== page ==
“It was not a routine test like the ones we usually carry out. It was a special request from the Health Department Director .

He said, both pesticides had been banned and therefore the fruits containing them would have been smuggled illegally.

No legal procedure

“Unfortunately, the import of fruits into this country is still not banned. We can only hope the Health Ministry will come to a decision on this soon, for the sake of the health of our future citizens as all of us want a healthy nation.” Referring to the Food Act of 1989, he noted that there was a clause already existing that fruits should be free of pesticides. He further lamented that even when tests proved that a certain fruit contained toxins, a report was needed from the Government Analyst Department. “Unfortunately, there does not seem to be any legal procedure for this “, he said.

So what is the solution?

Dr Waruna has three ways to solve the tricky situation.

“ First, since these samples were collected from local markets, let the public know from which market and where in the country they were collected. As consumers, they have a right to this information so that when they purchase a fruit from any of the markets named, they would be making an informed choice. Give them the right to track them.”

But, how is that possible when there are so many markets spread out islandwide?

“Tell them to look at the Code and from these they can find out the expiry date, address of the farmer, etc.”

Can the country from where the fruit was originally dispatched be also tracked in the same way? We wondered.

“Yes . Every country, before dispatching a food item has a code number for each batch that is released. From that it is possible to track not only the country of origin, but the farmers and farms where they were grown “. The second way to resolve the problem was to test these fruits at the entry points to the country, like the airport, harbour, etc before they reached the open market, by which time they could be subject to various illegal processes and toxins.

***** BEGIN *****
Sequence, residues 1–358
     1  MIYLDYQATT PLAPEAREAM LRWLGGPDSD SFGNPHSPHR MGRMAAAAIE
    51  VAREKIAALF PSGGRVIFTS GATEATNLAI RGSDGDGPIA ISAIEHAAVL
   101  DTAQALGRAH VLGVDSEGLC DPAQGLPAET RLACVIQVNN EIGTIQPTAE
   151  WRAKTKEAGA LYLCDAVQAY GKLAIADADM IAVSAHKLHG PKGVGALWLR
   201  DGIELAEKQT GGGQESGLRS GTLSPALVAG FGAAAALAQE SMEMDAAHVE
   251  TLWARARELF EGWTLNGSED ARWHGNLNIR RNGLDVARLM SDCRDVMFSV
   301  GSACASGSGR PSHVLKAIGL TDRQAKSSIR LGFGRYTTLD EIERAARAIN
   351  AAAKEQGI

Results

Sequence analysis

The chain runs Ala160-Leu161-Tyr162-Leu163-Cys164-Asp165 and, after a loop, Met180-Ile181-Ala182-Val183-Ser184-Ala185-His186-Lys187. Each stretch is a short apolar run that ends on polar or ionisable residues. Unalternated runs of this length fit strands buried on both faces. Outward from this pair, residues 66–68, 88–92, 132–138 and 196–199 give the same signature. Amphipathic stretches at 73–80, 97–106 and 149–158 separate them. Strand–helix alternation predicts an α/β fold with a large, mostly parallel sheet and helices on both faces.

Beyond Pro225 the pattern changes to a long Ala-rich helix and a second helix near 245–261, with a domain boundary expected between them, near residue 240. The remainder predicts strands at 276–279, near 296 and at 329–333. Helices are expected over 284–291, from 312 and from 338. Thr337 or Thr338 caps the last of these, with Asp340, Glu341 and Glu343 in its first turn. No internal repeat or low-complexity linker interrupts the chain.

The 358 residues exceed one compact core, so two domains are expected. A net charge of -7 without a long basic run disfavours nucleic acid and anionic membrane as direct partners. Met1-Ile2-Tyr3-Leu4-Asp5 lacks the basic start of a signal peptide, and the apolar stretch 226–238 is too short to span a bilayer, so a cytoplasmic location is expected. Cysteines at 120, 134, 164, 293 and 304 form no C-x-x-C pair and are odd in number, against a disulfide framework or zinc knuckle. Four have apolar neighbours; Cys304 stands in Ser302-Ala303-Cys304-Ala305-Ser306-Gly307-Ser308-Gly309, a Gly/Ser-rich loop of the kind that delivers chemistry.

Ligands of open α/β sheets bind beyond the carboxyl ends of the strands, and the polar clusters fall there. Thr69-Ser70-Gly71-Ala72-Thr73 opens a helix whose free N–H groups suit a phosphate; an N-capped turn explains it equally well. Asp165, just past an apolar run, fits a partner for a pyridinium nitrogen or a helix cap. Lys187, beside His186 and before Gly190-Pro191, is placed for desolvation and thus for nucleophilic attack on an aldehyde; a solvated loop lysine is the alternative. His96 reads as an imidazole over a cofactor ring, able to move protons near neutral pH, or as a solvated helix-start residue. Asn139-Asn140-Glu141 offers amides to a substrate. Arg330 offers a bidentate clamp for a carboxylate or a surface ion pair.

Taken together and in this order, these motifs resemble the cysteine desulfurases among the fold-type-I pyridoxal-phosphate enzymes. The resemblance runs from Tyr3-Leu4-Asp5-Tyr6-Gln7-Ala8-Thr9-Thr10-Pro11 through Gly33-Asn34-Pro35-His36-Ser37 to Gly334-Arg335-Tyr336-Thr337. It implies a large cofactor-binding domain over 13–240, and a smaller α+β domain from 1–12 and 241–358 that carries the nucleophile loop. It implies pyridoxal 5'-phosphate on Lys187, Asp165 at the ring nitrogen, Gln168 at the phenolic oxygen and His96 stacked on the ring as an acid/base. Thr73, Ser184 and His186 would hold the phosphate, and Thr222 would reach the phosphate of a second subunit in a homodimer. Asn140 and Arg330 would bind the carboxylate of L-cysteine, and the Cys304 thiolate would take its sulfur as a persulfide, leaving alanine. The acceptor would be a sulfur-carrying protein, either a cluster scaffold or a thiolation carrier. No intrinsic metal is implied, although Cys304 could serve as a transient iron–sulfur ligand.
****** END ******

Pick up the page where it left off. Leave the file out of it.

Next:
The third way to solve the problem was by carefully monitoring them once they were in the open market. “Open market surveillance is vital. It should be a sustained effort by the public, the PHIs and the Health Ministry”, he emphasized.

He did not stop there. Challenging the continued import of expensive fruits like apples, grapes and oranges, he asked a pertinent question:

“For whose benefit are they being imported? Certainly not for any health benefits because none of them contain Vitamin C as they claim to have , since they are preserved fruits that have lost any of their original vitamins due to the long journey they have made by sea or air. In my opinion, it is an utter waste of our precious foreign exchange.”

Promote local fruits

“We could have saved all this needless waste of foreign exchange by simply promoting our own local fruits which are plentiful in this country. Besides being fresh and healthier they also have the necessary vitamins we need. Buy seasonal fruits which are cheaper and fresher”, he advised, as a useful tip to readers.

PHI Gemunu Saliya told the Sunday Observer that copies in all three languages of the report by the Government Analyst Department with regard to the samples of fruits sent for testing and their findings were now available, and could be accessed by the public.

For more information contact him on 0728285553 Dr Waruna can be contacted on 2691111 We welcome readers’ views on this subject

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I read your article on 18 march it is very good , if you can publish sinhala & tamil language translation of this article in your mother papers it will be a great job

If all go one hour early to work to beat the traffic jam, it will not work. The delay will be the same. Similarly if we all buy local fruits there won't be enough fruits to buy. The solution is stop eating fruits. Take vitamin tablets. A pathetic solution! Or stop eating and die before cancer kills you!